ELLSWORTH, Maine — Thanks to negative campaign fliers sent out this week by an out-of-state political action committee, mud season has come at an odd time of year to Hancock County.
It’s not melting snow that has resulted in the mud-slinging but negative campaigning that targets James Schatz, the Democratic candidate in a three-way race for state Senate District 28.
The Alexandria, Va.-based Republican State Leadership Committee has mailed fliers to Hancock County voters criticizing Schatz for actions he took as a Blue Hill selectman.
The fliers are part of a $400,000 ad campaign that the GOP group has launched on five key state Senate races, including the Bangor-area District 32 race.
The fliers take Schatz to task for agreeing with other selectmen to pay “10,000 taxpayer dollars to a political organization” in 2008 and then voting the next year to cancel the town’s $10,000 Fourth of July fireworks celebration. The literature does not identify which political organization received the money or why selectmen paid it.
According to Schatz, the group that received the money was the Maine Coalition to Save Schools, a group that was formed to try to repeal Maine’s school consolidation law. The reason selectmen gave local taxpayer funds to the group was that residents, unhappy that state officials were pushing them to join a larger school district, voted at a special town meeting to do so, he said Wednesday. Blue Hill is one of seven neighboring towns in the area that continue to reject the state’s consolidation mandate.
Schatz said the fliers also misrepresent his vote on the 2009 fireworks display. He said he voted in favor of holding the holiday celebration but the two other selectmen decided the economic climate was too poor for the town and area businesses to afford the fireworks.
“It’s totally dishonest,” Schatz said of the campaign literature. “It’s not based in any fact.”
Schatz said he thinks the mailing effort could end up backfiring for Republicans. People in the Blue Hill area are familiar with the reasons selectmen decided to cancel last year’s fireworks display, he said, and with the town’s financial support of repealing the state’s school consolidation law.
“They see through it,” he said. “They think it’s a joke.”
Schatz said he does not think his Republican opponent, Ellsworth resident Brian Langley, played a role in collecting information for or distributing the negative ads. While acknowledging that no one party “has a monopoly on bad manners,” Schatz said people should be cautious about which interests end up having their favored candidate in the state Senate.
“It doesn’t bode well for a group that does this kind of thing,” Schatz said. “I don’t want to see that kind of influence get elected.”
Langley said Wednesday he “absolutely” had nothing to do with the fliers. He said it was “disheartening” to think that a group from out of state could sabotage the race by spending tens of thousands of dollars on an advertising campaign that none of the candidates wants.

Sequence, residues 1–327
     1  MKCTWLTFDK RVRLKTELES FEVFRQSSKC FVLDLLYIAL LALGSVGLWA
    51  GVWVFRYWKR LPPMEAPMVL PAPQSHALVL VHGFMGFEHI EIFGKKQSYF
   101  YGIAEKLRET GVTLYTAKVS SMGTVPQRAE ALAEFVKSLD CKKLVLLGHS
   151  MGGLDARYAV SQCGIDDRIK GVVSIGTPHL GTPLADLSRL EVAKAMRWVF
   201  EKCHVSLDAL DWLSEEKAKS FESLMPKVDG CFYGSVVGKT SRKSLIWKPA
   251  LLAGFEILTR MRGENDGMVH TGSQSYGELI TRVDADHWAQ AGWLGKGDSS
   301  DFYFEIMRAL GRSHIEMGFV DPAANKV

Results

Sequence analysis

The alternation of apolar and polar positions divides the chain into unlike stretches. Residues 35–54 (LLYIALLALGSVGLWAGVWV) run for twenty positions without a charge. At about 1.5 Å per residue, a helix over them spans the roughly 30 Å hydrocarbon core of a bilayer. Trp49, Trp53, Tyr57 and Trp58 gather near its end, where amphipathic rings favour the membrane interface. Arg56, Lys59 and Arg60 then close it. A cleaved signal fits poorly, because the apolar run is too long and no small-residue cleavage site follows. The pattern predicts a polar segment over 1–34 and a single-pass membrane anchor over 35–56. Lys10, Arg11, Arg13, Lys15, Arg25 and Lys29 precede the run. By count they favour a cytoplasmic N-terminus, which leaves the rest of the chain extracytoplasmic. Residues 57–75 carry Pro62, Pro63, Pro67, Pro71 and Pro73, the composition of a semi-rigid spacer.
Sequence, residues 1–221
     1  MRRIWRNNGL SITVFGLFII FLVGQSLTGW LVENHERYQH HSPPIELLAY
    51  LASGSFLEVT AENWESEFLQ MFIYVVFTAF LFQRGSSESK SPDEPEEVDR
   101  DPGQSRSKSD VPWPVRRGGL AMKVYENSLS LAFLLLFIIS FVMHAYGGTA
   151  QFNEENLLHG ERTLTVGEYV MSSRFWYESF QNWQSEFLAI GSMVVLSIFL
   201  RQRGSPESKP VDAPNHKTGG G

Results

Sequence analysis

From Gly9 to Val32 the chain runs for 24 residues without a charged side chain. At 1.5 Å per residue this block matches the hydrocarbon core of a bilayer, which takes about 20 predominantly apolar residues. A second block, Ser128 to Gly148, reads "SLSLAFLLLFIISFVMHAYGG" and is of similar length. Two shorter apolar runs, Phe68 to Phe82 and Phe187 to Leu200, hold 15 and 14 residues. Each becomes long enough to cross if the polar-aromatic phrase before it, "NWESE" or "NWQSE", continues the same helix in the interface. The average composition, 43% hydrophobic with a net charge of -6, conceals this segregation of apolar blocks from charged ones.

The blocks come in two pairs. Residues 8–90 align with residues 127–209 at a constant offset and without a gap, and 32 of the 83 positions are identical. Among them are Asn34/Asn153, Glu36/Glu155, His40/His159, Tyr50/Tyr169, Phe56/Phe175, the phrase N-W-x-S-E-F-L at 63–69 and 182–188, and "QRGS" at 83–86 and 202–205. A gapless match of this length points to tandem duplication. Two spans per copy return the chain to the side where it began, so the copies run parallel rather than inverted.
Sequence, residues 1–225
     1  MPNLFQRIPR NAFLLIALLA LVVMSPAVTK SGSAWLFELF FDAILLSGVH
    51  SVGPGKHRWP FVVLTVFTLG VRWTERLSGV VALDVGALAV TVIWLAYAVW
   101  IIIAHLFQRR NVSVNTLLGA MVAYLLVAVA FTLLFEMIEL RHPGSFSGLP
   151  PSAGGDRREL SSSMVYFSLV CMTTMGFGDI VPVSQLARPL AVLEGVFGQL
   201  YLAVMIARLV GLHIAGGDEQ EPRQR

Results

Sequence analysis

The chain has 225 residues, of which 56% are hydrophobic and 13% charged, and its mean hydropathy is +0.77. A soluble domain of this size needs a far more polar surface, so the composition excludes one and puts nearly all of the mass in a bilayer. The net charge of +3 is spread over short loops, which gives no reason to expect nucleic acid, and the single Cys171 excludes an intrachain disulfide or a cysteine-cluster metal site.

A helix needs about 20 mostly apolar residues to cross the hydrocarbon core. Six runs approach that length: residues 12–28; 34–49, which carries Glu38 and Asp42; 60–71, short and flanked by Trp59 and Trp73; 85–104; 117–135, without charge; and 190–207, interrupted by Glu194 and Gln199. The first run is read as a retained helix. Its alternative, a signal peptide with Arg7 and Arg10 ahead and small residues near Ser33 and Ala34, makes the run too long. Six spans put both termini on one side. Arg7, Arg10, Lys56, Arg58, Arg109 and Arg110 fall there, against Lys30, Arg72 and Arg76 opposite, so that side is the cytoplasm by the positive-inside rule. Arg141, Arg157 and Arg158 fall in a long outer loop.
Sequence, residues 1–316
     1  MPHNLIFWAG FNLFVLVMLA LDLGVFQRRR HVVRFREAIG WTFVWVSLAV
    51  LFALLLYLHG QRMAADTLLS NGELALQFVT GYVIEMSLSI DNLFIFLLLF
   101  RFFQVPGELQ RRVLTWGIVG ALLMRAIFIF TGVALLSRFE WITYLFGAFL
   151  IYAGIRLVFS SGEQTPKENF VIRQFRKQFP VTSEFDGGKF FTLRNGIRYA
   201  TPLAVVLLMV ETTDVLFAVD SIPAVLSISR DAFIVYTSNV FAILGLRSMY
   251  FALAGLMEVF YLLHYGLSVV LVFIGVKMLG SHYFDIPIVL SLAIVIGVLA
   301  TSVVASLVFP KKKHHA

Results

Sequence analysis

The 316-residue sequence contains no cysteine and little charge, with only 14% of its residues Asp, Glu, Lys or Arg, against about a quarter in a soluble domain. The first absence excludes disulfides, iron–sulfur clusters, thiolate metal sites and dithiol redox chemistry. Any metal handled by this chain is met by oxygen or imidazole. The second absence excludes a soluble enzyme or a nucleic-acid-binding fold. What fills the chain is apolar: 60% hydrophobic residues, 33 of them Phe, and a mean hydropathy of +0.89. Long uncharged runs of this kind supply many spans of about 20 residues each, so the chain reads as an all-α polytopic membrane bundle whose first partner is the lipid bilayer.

“I don’t know if they are designed to target Jim or to backfire to make me look bad,” Langley said. “No sane or reasonable person would drop that kind of money thinking it is going to help me.”
Langley, who now serves with Schatz in the state House of Representatives, said he has tried to contact the RSLC to ask it to stop the mailings, but has not been able to track it down.
Langley said he has seen other advertisements that have targeted him and Bar Harbor resident Lynne Williams, a Green Independent running for the same office. The campaign should be about issues such as jobs and the state’s economic climate, he said, not about negative and misleading accusations.
“There’s an ugly side to this that doesn’t belong here,” he said.
For the record, Langley said he does not take issue with either of Schatz’s actions cited by the fliers. He, like Schatz, thinks the school consolidation law should be repealed, and he thinks Blue Hill selectmen have the right and responsibility to be frugal with taxpayer money, even when it comes to the Fourth of July.
“This is local control and local politics, which is what I’m all about,” Langley said. “If it’s something you can’t afford, you just don’t do it.”
Williams, a lawyer, said Thursday that she found the mailings “outrageous.” She remembers seeing similar tactics when she lived in New York and California, she said, and thinks such activity should be discouraged.
“It’s really pretty disgusting the way they have insinuated themselves into this race,” Williams said. “Jim, Brian and I respect and actually like each other.”
Williams said some Democratic-leaning groups in Maine have spent money on promotion efforts that, by making no reference to her campaign, suggest there are only two candidates in the race, but she said the RSLC mailings are on a whole different scale. What voters should consider, she said, is which candidate is best equipped to make state government responsive to the needs of Maine residents.
“I understand Augusta. I’ve sued five state agencies,” Williams said. “It’s really important that people see the Green Independent Party as an alternative.”
The recent mailings about Schatz do not represent the first time a state Senate candidate in Hancock County has been targeted by a political action committee hoping to get an opponent elected.
In 2002, a group calling itself Maine Unlimited distributed fliers about Dennis Damon, criticizing the Trenton Democrat for his personal use of a government credit card while serving as a Hancock County commissioner. Damon said he used the card in 1999 on behalf of a client who immediately wrote a check to the county to repay the expense and that there was no policy or law that prevented him from doing so.
Damon, who now represents District 28 in the state Senate, won the 2002 election and each one since. He is barred from running again this year by term limits.